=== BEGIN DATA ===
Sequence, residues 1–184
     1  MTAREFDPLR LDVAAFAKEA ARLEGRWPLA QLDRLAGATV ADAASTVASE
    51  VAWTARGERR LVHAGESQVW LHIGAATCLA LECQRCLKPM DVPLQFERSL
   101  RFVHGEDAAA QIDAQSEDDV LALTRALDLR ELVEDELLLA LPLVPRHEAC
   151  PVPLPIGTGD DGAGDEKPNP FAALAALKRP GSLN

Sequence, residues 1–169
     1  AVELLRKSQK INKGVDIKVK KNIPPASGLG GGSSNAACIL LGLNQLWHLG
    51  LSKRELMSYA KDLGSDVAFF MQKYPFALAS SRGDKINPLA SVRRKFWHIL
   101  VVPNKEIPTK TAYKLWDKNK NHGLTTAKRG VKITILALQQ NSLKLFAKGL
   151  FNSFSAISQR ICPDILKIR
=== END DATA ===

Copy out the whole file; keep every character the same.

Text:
Sequence, residues 1–184
     1  MTAREFDPLR LDVAAFAKEA ARLEGRWPLA QLDRLAGATV ADAASTVASE
    51  VAWTARGERR LVHAGESQVW LHIGAATCLA LECQRCLKPM DVPLQFERSL
   101  RFVHGEDAAA QIDAQSEDDV LALTRALDLR ELVEDELLLA LPLVPRHEAC
   151  PVPLPIGTGD DGAGDEKPNP FAALAALKRP GSLN

Sequence, residues 1–169
     1  AVELLRKSQK INKGVDIKVK KNIPPASGLG GGSSNAACIL LGLNQLWHLG
    51  LSKRELMSYA KDLGSDVAFF MQKYPFALAS SRGDKINPLA SVRRKFWHIL
   101  VVPNKEIPTK TAYKLWDKNK NHGLTTAKRG VKITILALQQ NSLKLFAKGL
   151  FNSFSAISQR ICPDILKIR